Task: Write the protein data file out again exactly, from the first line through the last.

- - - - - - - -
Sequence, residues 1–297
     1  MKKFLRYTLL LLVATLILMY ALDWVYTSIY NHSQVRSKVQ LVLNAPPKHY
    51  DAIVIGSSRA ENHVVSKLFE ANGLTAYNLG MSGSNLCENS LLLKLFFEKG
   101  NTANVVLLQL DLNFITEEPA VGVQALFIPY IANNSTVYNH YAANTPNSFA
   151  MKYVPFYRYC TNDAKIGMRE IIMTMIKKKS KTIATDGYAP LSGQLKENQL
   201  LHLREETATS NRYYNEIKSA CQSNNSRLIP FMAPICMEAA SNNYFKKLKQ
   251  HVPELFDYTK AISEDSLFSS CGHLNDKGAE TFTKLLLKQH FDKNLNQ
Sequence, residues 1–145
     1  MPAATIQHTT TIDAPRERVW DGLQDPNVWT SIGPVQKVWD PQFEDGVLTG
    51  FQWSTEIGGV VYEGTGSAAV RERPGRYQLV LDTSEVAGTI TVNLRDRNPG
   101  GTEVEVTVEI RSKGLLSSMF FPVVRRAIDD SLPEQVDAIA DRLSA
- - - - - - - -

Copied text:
Sequence, residues 1–297
     1  MKKFLRYTLL LLVATLILMY ALDWVYTSIY NHSQVRSKVQ LVLNAPPKHY
    51  DAIVIGSSRA ENHVVSKLFE ANGLTAYNLG MSGSNLCENS LLLKLFFEKG
   101  NTANVVLLQL DLNFITEEPA VGVQALFIPY IANNSTVYNH YAANTPNSFA
   151  MKYVPFYRYC TNDAKIGMRE IIMTMIKKKS KTIATDGYAP LSGQLKENQL
   201  LHLREETATS NRYYNEIKSA CQSNNSRLIP FMAPICMEAA SNNYFKKLKQ
   251  HVPELFDYTK AISEDSLFSS CGHLNDKGAE TFTKLLLKQH FDKNLNQ
Sequence, residues 1–145
     1  MPAATIQHTT TIDAPRERVW DGLQDPNVWT SIGPVQKVWD PQFEDGVLTG
    51  FQWSTEIGGV VYEGTGSAAV RERPGRYQLV LDTSEVAGTI TVNLRDRNPG
   101  GTEVEVTVEI RSKGLLSSMF FPVVRRAIDD SLPEQVDAIA DRLSA